[Fwd: Re: LOGO-L> The Connected Family]

Dale R. Reed (dale-reed@postoffice.worldnet.att.net)
Sat, 21 Dec 1996 20:39:56 -0800

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I thought this interchange on the LOGO list would be interesting to some
of you. Dale

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From: KERRB@Magill.UniSA.edu.au
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Subject: Re: LOGO-L> The Connected Family
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I see this as a clarification of what Seymour *says*. I did say in a previous
post that Seymour is light on in offering practical advice to teachers....

"Jim Baker" <bake0017@gold.tc.umn.edu> says:
>The reality that Seymour is acknowledging (finally) is that to be accepted
>in many, if not most, Western schools as serious and important in the
>curriculum, Logo must be functionally applied to sequenced subject matter.

Brian Harvey said:-
:I think Seymour has been saying this for a long time, at least as long
:ago as _The Children's Machine_ and also in the kind of research projects
:he's been doing, e.g., at the Hennigan School, where the MIT people ask
:the classroom teachers what topic they want to work on, etc.

Disagree. In TCM Seymour puts forward several learning principles (mathetics)
none of which have got anything to do with sequenced subject matter and some of
which explicitly reject the concept. In summary these mathetic principles would
1. play is OK
2. take your time
3. good conversation promotes learning
4. make it concrete
5. bugs are a very positive part of learning
6. cultivate connections
7. construct your own products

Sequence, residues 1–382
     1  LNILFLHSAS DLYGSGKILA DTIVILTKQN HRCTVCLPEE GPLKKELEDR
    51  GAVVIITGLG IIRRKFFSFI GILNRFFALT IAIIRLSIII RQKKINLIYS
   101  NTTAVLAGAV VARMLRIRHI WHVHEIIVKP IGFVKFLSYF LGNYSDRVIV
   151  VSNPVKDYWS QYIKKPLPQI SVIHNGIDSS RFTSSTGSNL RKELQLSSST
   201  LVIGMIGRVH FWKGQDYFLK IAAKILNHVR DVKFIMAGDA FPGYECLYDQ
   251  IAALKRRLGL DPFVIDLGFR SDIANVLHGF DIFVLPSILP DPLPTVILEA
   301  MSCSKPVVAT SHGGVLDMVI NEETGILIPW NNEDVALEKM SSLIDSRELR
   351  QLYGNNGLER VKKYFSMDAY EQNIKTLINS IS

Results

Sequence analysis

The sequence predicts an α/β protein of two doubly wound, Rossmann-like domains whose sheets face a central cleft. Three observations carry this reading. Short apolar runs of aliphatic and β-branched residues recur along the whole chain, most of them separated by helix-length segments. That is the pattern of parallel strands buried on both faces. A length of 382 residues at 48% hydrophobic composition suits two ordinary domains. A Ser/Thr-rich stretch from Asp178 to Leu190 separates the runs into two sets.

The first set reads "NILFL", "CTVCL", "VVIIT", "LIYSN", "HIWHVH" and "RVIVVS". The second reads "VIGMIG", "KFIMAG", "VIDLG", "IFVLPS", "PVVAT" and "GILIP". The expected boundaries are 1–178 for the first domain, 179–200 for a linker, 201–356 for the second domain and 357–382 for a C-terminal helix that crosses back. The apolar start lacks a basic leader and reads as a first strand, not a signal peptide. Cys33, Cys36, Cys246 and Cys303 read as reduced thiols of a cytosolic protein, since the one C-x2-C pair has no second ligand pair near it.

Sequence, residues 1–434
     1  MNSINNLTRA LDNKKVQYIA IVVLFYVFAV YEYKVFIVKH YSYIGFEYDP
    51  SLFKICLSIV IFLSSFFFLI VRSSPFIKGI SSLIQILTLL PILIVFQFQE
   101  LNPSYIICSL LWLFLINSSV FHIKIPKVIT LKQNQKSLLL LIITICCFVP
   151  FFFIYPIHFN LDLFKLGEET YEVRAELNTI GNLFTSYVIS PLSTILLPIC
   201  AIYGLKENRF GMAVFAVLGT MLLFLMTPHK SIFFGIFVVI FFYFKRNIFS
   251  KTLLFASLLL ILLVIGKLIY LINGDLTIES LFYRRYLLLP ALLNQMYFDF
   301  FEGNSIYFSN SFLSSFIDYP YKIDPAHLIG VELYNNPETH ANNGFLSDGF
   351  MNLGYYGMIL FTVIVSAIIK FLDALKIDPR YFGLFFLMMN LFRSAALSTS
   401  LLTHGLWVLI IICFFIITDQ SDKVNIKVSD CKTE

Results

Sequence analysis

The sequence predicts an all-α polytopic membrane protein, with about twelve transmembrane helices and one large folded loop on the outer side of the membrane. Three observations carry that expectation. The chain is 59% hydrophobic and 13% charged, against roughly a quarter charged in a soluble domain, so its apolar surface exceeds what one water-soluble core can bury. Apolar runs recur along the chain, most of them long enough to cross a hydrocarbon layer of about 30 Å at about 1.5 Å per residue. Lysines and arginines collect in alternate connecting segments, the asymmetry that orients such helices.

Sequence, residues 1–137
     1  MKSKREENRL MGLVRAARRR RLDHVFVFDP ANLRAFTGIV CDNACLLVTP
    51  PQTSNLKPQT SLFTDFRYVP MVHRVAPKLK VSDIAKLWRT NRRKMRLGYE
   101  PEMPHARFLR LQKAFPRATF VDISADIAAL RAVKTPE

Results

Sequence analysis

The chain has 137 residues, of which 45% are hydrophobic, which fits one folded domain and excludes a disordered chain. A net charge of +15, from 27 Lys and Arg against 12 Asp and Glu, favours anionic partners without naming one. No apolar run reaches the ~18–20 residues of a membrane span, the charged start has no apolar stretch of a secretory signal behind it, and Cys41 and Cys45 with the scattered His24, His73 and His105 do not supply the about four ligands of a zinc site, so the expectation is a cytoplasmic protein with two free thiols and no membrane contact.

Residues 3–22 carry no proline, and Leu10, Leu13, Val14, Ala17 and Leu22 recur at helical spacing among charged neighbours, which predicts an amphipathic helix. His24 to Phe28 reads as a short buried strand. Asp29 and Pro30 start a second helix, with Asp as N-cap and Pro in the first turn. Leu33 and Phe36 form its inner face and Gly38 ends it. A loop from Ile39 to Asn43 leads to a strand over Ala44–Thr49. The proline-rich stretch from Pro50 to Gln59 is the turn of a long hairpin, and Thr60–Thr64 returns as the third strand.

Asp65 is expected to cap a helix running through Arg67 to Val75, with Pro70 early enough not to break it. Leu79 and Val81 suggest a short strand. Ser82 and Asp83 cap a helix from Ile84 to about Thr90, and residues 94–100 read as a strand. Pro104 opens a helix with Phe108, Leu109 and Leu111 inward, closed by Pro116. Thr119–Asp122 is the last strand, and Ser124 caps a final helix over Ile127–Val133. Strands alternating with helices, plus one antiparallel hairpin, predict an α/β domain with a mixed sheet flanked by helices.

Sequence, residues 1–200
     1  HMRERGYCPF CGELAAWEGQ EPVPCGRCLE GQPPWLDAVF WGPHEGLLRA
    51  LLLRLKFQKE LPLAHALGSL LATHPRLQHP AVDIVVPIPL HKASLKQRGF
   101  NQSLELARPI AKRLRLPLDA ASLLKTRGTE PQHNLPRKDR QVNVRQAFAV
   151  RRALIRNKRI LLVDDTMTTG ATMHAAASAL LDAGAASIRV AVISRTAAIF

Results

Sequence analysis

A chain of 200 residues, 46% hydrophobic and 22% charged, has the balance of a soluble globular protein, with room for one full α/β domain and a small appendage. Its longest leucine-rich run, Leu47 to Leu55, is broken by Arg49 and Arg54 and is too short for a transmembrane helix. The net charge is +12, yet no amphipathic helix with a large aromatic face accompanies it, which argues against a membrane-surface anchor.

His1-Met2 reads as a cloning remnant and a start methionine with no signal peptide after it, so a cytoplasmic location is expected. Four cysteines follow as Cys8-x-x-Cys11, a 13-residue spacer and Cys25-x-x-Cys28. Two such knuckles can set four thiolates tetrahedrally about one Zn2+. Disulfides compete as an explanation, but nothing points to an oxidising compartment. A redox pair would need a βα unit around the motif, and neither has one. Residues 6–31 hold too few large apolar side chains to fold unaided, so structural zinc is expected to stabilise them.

8. you often learn best when you are taught least

I can't disagree with any of these but its damn hard to fit them into your
regular school curriculum.

Jim Baker said:-
>But, his irrascible insistence (until now?) that Logo be allowed to unfold
>without structure in the minds of young programmers has unfortunately
>diminished its acceptance.

Brian Harvey said:-
:I don't think Seymour has *ever* said this.

couldn't point 8 above, you are often learn best when taught least, be
interpreted to agree with what Jim said Seymour says?

:He's always believed in good
:interventions by teachers. What he has said, in the past, and alas not so
:much recently, is that it's not helpful if every kid in the room is
:supposed to be working on the same picture (or whatever) at the same time.
:There's a world of difference between "this week we're studying fractions,
:so why don't you see how you can use Logo to illustrate some idea about
:fractions" and "everyone draw a pie chart that represents 3/5."

Seymour approves the statement that Piaget approves:-
"if you teach someone something then you deny them the opportunity to learn it
on their own"
(a blunt warning that teaching can often be bad).

In their summing up of ISDP (Instructional Software design project) Harel and
Papert say this:- (they are drawing a distinction between apprenticeship
learning and constructionism):-

"...our special emphasis on project activity that is self directed by the
student that within a cultural/social context that offers support and help in a
particularly unobtrusive manner."
(Software Design as a Learning Environment by Harel and Papert (1990), p.3)

Harel is at pains in her PhD thesis (ISDP) to describe what she did as a
Project and not a curriculum.

I think Seymours ideas are great for learning but really difficult for
classroom teachers, in the settings they normally find themselves in, to
systematically implement. This is because of the bells and the curriculum.

The quote cited earlier from "The Connected Family" would indicate, as Jim
says, a softening of Seymour's position. Here is a fuller version of the quote (p.

"... I have explored in my research the idea of creating a learning environment
in which there is no direct teaching at all. But in the practical world,
especially when one is giving advice to other people, caution is obligatory. So
my position here recognises the reality of both kinds of learning -
constructivist and instructionist - and concentrates on the balance between
them. In fact my strongest advice to parents is to experiment cautiously with a
shift in the balance."

which I think is excellent advice to classroom teachers as well ...

Bill Kerr

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